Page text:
Bee Balm Of The Butterfly Gardens Of Wisconsin
Photograph - Digital Image
Bee balm plants are a showy and fragrant group of plants indigenous to northeastern North America which have long been prized for their medicinal and culinary properties as well as showy flowers which attract hummingbirds and butterflies. Bee balm plants are members of the genus Monarda and grow best in zones 4 - 9. Their showy, spiky flowers are typically crowded into head-like clusters and range in color from pink to crimson red, red and light purple hues. M. fistulosa, commonly known as wild bergamot, has lavender or smoky pink flowers. M. citriodora and M. pectinata have light lavender to lilac-colored blooms and have slightly decreased flower quantities. Bee balm is a member of the mint family with fragrant minty leaves and flower buds which taste like a mix of spearmint and peppermint with oregano. Today, bee balm can be used to spice up a variety of foods.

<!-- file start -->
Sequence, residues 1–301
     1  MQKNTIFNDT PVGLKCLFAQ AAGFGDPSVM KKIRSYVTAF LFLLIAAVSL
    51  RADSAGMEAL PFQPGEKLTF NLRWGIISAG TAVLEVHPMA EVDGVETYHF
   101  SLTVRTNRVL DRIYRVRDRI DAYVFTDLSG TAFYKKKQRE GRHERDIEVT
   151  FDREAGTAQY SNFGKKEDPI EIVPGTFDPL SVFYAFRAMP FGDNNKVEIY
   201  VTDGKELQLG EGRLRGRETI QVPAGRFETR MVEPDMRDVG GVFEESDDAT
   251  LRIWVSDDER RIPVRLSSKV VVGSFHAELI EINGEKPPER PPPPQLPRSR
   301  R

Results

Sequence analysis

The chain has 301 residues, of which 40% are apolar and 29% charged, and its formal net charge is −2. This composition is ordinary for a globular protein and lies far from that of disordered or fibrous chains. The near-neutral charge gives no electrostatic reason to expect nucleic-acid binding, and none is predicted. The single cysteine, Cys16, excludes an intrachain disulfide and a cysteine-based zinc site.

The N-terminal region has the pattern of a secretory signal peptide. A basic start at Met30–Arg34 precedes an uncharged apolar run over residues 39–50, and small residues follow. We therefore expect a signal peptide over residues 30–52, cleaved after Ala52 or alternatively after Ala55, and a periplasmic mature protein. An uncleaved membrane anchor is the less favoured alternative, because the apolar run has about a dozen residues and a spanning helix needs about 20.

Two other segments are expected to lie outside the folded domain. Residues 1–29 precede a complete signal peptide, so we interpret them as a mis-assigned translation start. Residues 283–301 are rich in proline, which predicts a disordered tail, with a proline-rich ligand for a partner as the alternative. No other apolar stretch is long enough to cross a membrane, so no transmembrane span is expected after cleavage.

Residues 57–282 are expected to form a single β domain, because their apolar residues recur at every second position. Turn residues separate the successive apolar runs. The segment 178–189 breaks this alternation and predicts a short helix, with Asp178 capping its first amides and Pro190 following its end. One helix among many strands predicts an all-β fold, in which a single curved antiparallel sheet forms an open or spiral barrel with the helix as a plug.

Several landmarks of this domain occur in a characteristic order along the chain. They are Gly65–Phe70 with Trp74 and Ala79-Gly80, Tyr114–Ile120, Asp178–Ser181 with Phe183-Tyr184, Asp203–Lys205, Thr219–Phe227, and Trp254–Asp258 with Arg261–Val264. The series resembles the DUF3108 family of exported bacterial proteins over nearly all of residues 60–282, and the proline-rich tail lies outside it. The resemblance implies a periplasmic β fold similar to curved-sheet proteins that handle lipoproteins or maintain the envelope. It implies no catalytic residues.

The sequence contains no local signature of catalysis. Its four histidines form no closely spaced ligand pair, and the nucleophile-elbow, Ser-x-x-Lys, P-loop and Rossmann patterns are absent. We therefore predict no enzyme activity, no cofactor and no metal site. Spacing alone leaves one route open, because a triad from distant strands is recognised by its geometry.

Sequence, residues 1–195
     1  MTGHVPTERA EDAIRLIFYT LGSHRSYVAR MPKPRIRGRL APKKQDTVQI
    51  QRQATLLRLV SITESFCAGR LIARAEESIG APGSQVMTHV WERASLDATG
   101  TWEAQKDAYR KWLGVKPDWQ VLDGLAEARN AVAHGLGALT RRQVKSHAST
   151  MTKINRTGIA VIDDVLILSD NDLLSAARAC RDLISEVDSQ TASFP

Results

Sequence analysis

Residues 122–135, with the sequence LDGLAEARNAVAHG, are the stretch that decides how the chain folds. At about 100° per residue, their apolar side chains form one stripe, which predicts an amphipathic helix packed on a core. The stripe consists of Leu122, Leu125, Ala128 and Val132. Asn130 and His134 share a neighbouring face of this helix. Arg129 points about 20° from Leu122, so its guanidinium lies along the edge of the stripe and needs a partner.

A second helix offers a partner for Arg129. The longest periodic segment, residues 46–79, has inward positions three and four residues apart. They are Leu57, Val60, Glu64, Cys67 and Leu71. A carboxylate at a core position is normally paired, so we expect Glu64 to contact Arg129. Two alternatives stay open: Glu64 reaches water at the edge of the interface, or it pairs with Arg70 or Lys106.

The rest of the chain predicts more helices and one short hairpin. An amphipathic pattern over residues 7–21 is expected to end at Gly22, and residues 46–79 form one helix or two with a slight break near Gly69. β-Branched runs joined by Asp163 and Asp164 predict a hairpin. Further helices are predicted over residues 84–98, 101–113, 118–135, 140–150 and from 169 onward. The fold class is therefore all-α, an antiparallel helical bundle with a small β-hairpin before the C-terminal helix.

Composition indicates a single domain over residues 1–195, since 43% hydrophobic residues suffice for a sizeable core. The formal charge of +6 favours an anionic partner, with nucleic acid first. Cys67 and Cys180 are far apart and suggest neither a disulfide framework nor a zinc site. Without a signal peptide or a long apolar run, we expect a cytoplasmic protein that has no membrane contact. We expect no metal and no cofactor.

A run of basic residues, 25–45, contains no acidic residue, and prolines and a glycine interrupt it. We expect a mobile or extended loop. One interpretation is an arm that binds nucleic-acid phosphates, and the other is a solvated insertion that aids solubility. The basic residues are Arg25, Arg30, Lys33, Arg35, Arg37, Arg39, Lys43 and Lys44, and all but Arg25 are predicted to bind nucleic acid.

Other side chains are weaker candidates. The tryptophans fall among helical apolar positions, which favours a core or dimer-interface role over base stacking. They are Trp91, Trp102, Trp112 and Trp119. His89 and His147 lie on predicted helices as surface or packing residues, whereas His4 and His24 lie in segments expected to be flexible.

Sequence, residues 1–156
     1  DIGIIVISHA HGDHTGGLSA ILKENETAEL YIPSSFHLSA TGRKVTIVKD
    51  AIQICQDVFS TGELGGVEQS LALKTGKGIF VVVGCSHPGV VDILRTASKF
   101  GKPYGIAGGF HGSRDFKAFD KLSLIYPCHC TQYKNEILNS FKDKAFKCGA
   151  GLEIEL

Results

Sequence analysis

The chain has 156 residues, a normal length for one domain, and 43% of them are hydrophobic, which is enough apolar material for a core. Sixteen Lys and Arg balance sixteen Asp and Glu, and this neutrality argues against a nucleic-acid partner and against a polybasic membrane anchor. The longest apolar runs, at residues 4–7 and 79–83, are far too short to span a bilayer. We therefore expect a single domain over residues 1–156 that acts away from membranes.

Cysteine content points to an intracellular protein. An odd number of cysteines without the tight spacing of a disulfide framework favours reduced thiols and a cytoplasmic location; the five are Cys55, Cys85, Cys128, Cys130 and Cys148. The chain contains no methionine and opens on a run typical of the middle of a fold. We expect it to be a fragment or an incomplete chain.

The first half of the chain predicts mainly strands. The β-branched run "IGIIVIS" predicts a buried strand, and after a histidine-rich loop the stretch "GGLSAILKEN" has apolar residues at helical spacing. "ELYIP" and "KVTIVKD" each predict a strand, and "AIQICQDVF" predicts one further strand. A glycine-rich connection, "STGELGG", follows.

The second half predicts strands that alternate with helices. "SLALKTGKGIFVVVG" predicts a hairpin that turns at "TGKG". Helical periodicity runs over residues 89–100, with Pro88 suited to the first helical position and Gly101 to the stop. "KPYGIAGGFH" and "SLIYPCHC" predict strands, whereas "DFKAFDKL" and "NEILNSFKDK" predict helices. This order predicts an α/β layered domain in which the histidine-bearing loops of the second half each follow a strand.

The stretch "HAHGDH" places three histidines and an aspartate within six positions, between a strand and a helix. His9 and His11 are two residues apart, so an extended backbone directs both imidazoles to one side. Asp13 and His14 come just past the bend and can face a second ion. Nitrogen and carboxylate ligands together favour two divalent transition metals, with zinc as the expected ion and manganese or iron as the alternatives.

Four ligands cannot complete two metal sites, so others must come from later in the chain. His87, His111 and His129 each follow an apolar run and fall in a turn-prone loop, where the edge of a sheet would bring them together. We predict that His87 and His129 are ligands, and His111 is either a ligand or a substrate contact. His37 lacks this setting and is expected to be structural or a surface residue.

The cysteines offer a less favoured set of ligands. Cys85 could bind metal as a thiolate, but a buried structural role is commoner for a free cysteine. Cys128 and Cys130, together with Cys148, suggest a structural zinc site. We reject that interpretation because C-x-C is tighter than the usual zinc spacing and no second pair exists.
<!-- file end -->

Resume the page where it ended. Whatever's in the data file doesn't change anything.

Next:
Bee balm is the natural source of the antiseptic thymol, the main active ingredient in modern commercial mouthwash formulas. Several bee balm species, including M. fistulosa and M. didyma, have a long history of use as medicinal plants by Native Americans including the Blackfoot, Menominee, Ojibwa and Winnebago. The Blackfoot Indians recognized the plants strong antiseptic properties and used bee balm poultices for skin infections and minor wounds. Bee balm tea was used to treat mouth and throat infections caused by dental caries and gingivitis. The Winnebago used a tea made from bee balm as a general stimulant. Bee balm was also used as a carminative herb and an infusion of crushed bee balm leaves in boiling water has been used to treat headaches and fevers. Bee balm was also traditionally used by Native Americans as a seasoning for wild game, particularly birds.
July 30th, 2013
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